I was in the FFA barn the other day when I came across a very large Mantis (otherwise known as a “Praying Mantis”). I was startled at first (because the big guy was literally just inches away from my face… he could have killed me!), but then after shaking it off I decided to snap a picture. Praying Mantids are exceptional insects. They have very strong forelegs that fold together, allowing them to capture their prey, and hold on tightly to it (while they eat it). Because of this, they are able to continue their existence.
Human beings have something very similar to this in our lives. We have prayer. Prayer is strong, and as we fold our hands to pray, this act of faith becomes the very thing that allows us to hold on tightly (when life gets rocky, or in any season for that matter). Because of prayer, we are able to continue our existence. Life will go on because God is present with us – and we truly feel the presence of God as we pray (and as others pray for us!). That’s why Paul encourages the Church to “pray without ceasing,” and why Samuel Shoemaker reminds us that, “prayer may not change things for you, but it for sure changes you for things.”
So fold your hands, hold on tight, and become a Praying Mantis (or Praying Womantis)!!
Pray without ceasing. 1 Thessalonians 5:17
During spring break of 2015, my family and I went to Biloxi, Mississippi for a family mission trip. We worked there in Biloxi at a homeless shelter, painting, tiling, doing some general construction-type work, and sharing the love of Jesus with the guests at the shelter.
One day at lunch our work team decided to go to a seafood restaurant right by the marina. A boat had just come in from a guided fishing trip, and the guide was filleting the fish that the group had caught while out in the Gulf of Mexico. A very peculiar thing to me was that a pelican had cozied up to the guide, and was waiting patiently for him to share a scrap of fish. I’d never seen a pelican so close to a human before – it seemed almost domesticated or tame. It goes without saying that this pelican had pursued a relationship with the fishing guide, a relationship that benefitted the pelican greatly.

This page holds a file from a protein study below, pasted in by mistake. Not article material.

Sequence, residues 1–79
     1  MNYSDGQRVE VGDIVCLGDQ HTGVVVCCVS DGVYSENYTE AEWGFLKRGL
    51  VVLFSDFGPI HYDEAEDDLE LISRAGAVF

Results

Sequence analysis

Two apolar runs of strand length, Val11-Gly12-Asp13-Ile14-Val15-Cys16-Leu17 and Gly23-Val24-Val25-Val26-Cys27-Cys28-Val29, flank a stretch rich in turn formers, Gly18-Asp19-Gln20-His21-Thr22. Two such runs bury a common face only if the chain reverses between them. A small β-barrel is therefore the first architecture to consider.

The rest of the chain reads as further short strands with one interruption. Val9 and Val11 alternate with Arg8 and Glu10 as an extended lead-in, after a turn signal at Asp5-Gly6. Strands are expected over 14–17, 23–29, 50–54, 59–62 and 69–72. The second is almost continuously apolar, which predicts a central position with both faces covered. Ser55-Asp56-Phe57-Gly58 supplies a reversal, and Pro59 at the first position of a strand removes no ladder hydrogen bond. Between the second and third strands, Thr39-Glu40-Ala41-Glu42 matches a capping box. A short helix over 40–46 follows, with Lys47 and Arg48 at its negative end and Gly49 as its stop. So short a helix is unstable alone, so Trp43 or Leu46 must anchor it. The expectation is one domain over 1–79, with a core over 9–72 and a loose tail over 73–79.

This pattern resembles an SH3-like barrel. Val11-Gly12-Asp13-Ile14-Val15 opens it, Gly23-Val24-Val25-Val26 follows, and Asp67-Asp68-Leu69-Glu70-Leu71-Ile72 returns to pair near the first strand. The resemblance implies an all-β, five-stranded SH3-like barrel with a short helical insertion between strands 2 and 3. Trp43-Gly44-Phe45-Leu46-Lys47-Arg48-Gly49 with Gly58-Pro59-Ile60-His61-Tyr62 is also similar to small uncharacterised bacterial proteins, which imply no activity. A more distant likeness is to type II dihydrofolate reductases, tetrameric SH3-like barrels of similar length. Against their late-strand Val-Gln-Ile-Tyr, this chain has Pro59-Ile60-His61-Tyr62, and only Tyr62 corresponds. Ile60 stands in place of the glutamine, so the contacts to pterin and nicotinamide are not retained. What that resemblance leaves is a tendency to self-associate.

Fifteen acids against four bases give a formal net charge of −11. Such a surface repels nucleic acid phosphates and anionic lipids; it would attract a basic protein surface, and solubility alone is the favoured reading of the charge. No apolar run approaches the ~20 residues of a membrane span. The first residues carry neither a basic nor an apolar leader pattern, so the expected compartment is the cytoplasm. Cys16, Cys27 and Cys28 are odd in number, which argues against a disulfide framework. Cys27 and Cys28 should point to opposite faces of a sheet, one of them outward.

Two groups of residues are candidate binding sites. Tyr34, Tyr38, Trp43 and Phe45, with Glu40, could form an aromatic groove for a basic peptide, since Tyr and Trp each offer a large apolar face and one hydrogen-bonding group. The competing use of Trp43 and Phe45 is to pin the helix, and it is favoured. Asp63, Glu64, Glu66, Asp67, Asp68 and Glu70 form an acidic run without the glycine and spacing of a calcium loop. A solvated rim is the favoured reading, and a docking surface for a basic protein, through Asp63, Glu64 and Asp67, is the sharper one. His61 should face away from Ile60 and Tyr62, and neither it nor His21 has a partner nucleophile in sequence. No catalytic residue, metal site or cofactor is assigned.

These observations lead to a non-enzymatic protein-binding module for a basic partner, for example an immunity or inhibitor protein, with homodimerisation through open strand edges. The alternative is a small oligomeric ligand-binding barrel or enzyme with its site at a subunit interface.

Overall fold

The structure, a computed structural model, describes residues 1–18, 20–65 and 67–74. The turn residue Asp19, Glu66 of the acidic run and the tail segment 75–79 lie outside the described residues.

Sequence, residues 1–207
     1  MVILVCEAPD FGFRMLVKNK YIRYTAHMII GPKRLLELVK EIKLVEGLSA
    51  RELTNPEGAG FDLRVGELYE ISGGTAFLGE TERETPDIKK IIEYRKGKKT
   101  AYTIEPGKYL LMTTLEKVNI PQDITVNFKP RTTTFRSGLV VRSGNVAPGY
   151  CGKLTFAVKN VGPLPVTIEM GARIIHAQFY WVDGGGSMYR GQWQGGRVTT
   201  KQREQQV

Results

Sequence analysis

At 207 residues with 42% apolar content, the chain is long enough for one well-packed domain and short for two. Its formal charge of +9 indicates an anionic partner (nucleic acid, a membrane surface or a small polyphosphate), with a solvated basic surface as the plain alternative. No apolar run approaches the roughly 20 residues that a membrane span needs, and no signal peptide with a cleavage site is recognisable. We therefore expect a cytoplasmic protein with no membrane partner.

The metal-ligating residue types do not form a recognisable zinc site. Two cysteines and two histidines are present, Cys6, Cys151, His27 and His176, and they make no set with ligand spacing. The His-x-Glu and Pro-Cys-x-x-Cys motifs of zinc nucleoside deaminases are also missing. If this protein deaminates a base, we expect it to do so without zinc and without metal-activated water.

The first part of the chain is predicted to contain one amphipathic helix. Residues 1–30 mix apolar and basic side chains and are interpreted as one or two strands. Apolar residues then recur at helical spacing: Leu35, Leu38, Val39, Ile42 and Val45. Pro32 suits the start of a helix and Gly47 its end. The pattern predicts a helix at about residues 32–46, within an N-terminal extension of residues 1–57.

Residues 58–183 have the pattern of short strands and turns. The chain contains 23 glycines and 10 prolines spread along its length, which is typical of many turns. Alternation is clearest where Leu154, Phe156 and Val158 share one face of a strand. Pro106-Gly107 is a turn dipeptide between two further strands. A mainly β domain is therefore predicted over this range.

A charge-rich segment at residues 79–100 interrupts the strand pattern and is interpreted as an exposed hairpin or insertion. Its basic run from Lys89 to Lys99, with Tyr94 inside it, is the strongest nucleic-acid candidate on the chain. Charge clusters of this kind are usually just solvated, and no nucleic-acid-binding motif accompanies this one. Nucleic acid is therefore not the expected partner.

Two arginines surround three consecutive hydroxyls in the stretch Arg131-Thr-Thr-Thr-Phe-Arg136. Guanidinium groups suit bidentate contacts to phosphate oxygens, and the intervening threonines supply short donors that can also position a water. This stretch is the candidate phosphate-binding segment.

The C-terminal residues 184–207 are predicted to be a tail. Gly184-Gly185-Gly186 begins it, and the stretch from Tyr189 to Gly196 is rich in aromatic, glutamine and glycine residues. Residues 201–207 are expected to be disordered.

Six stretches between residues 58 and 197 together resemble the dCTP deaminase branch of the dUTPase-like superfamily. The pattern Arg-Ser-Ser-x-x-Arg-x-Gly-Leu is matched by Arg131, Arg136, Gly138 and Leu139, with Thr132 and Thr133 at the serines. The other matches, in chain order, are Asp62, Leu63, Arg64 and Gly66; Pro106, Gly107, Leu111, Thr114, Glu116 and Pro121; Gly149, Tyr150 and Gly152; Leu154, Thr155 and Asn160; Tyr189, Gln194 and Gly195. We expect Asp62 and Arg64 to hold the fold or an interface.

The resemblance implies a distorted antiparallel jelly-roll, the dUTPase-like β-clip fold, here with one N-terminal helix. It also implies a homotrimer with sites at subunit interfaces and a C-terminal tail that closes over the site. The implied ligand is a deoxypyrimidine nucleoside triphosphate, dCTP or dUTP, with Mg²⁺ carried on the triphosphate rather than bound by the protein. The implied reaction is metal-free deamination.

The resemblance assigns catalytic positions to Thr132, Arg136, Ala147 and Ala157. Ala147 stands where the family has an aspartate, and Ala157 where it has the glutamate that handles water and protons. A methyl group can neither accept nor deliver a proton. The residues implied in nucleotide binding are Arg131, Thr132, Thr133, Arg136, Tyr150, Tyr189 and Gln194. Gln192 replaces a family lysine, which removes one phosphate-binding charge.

Isn’t that what we do when we draw close to the Lord through prayer? We pursue a relationship with God almighty. And Jesus encourages his followers to spend considerable time and energy doing this very thing. He tells us to, “ask, seek, knock” – and we will not be disappointed. But the benefits of pursuing a relationship with God through prayer are far greater than a few scraps of fish (sorry, pelican!).
I love what M. Basil Pennington (monk, author, and prayer-warrior) has to say about pursuing a relationship with God through prayer. He states, “In prayer we seek God. We do not seek peace, quiet, tranquility, enlightenment; we do not seek anything for ourselves. We seek to give ourselves… to God. He is the all of our prayer.” The greatest benefit is the relationship itself. We get to give ourselves to this relationship – we get to give ourselves to God. We get to ask, seek, and knock; knowing that whether our prayers are answered the exact way we ask them or not, we are building the most blessed relationship this life (and the life to come) has to offer.
We pursue a relationship with the One who is our Friend, our Counselor; yet at the same time is also our Rock, Refuge, and Guide. We pursue a relationship with the One who is our God – and we will not be disappointed.
Ask and it will be given to you; seek and you will find; knock and the door will be opened to you. For everyone who asks receives; the one who seeks finds; and to the one who knocks, the door will be opened. Matthew 7:7-8
Dr. Steven Bell